Is It Just About the Money?

Is It Just About the Money?

As a very active Alzheimer’s Advocate, I scour the Interweb daily looking for glimmers of hope. Whether it be stories of overcoming adversity, the possibility of new drugs that will help people instead of mice or humorous moments, I try to take in the positive.

With that in mind, I came across a story this morning entitled, “Eli Lilly’s big Alzheimer’s bet: Blockbuster or bust?” I thought, “here’s that glimmer of hope I’m always looking for,” but as I started reading, my heart sank. I should have noticed the story was written by NEW YORK (CNNMoney) but I was too involved in the hope that the story was going to be centered around an Alzheimer’s breakthrough.

Although I have Early Onset Alzheimer’s, I still have the comprehension that company’s need to make money to succeed. I get it.

The story started out on a positive note:
Drugmakers are facing an enormous problem — and a huge opportunity — and Eli Lilly is helping lead that high-stakes race. The pharma giant has made an expensive bet on an experimental drug that could be the first marketed treatment to slow the worsening of Alzheimer’s. That would represent a critical medical breakthrough known as “disease modification.”

I was getting excited but my mood quickly turned. The article became more about how much money Eli Lilly would make rather than how much the new drug would help people with Alzheimer’s.

“It would absolutely be a multibillion dollar blockbuster,” 

“The drug companies are willing to spend a lot of money on such a speculative, expensive trial because the market opportunity is massive. The numbers are staggering,” 

“Blockbuster sales possible: If the Alzheimer’s drug is successful, BMO estimates Eli Lilly could generate risk-adjusted global sales of $7.6 billion by 2024. That would make investors quickly put aside Eli Lilly’s struggles to turn the page on older blockbuster drugs whose patents have already expired.”

“Pharma companies are looking at Alzheimer’s disease because they recognize this will be one of the biggest biopharma markets of our lifetime by virtue of demographics,”

Jonas Salk wasn’t thinking about how much money he could make when he discovered the Polio cure.
When Edward R. Murrow asked Jonas Salk who owned the patent to the polio vaccine. “Well, the people, I would say,” Salk responded. “There is no patent. Could you patent the sun?”

One critic of the big pharma called Salk “the foster parent of children around the world with no thought of the money he could make by withholding the vaccine from the children of the poor.”

Where are the Jonas Salk’s of today?
I understand research costs money but it has now become a matter of “how much money will we make?” rather than “how many people will we be able to cure?” It’s so very sad.

Oddsmakers are giving Eli Lilly’s drug a 60% chance of success and believes it could meaningfully boost the company’s profit margins. If the statement would have ended after “chance of success” it would’ve been a great statement. Adding on the rest just proves the point that is really is all about the money.
Others are far more skeptical, putting the chances that either Biogen or Eli Lilly brings an Alzheimer’s drug to market at just 15%.

In the end, the only statement that I found truth in, but at the same time, sadness, was “In terms of drug development, nothing has worked. It’s been one failure after the next.”

I Have Alzheimer’s, BUT Alzheimer’s Doesn’t Have Me!
Until Next Time . . .

PEACE!

A Day in the Life

A Day in the Life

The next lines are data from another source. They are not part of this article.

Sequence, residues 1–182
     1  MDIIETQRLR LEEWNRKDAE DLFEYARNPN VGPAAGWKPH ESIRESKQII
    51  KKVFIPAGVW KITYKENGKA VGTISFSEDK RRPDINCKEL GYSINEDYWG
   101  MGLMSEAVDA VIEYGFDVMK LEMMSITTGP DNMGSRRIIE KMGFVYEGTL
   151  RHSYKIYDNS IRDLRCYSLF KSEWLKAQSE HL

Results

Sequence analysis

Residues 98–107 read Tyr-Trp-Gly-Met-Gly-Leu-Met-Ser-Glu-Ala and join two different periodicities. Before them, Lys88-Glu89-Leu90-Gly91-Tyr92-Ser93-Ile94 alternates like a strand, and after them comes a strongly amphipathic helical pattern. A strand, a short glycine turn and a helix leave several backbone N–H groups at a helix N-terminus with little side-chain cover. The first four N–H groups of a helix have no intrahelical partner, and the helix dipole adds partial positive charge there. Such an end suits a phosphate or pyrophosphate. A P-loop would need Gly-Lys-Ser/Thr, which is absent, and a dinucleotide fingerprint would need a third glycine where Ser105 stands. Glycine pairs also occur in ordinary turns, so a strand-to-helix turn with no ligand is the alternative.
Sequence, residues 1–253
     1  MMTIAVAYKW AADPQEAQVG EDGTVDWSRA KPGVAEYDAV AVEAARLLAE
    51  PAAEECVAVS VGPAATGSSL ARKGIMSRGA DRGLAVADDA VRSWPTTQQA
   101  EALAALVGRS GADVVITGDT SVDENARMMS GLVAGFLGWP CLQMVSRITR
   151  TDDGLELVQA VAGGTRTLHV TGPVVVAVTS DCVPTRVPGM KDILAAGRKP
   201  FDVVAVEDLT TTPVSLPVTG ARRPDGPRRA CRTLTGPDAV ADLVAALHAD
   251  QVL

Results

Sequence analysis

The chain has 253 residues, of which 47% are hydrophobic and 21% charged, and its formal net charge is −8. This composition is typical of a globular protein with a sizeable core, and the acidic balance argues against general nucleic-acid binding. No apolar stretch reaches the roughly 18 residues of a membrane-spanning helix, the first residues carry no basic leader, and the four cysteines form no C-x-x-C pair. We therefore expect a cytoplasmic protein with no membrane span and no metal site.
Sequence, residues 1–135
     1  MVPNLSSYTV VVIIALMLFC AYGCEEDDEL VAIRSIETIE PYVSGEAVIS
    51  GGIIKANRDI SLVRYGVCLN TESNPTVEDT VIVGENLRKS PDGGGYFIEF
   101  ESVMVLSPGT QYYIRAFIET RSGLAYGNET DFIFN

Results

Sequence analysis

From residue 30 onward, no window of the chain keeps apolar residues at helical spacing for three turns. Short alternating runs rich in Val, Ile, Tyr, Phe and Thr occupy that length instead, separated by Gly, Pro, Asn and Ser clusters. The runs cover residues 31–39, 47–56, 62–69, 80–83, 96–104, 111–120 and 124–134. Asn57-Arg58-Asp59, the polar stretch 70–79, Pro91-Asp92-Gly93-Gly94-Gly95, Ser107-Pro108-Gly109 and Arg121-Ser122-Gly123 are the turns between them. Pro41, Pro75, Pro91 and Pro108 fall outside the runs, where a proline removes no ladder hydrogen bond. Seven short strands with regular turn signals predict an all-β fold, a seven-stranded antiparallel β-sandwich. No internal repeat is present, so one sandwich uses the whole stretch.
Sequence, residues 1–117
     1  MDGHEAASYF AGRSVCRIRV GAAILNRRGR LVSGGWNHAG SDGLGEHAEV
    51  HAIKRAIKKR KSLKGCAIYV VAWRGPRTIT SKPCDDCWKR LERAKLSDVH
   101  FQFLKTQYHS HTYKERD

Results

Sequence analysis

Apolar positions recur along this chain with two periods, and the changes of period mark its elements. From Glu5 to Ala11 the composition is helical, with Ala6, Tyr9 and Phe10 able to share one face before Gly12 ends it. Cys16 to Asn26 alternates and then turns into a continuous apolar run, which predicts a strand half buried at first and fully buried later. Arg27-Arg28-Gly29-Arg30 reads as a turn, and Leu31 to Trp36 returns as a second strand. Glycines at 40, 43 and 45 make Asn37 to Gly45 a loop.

Busy Sidewalk
Picture yourself in a movie. You’re standing on a sidewalk…in a big city…at a busy intersection. You look around, everyone and everything around you is flying by at the speed of light. You try to concentrate but everything is “blurry-like,” happening so fast, concentration evades you.

Well, if you’re like me, you’re not in a movie. You’re in reality, under the age of 65, living with Early Onset Alzheimer’s Disease or some other form of Dementia.

I know I can’t speak for everyone, for everyone’s situation is specific to that individual, but I’m pretty sure certain similarities can be found.
For instance, you’re at a family gathering. These are people you grew up with, spent most of your life and time with, laughed and cried together, supported one another in times of need. You get the idea. Now, you’re sitting on a sofa, surrounded by these very familiar people and you cannot get into the conversations. You hear what’s going on and, under “different circumstances,” you would’ve jumped right in to add a comment, an insult or a funny remark, however, by the time you are able to form a complete thought, the conversation has continued at light speed and your comment or funny remark would’ve made no sense. Or worse, when you do try to jump in, you stutter so bad, everyone turns and stares at you. So you just sit . . . and listen . . . and try to keep up.
I experienced this at Easter this past year. One of my brothers-in-law noticed my embarrassment when I stuttered trying to jump in the conversation. ” He came up to me and said, “Hey, we’re all family here. Nobody’s going to judge you. Stutter away!”

This also happens in everyday life. Conversations with your immediate family are often interjected with, “you’ve told me that before,” or “oh, I remember when you asked me about that yesterday.” They do it in a way that is not insulting, but just as a way of saying, “we understand and we love you.” At least that’s what my family does with me.

I try to find humor in this by saying things like, “I know I told/asked you yesterday, I was just double checking. DUH!” Or when my wife and I are watching a movie and I get so excited or crack up laughing at a certain part, she will turn to me andLaughing say, “do you not remember seeing this movie a couple of weeks ago?” I say “no” but then I say, “you know, me having Alzheimer’s will save you a lot of money. You can buy me only 1 movie and I will watch it every few weeks and it will be like seeing it for the first time!”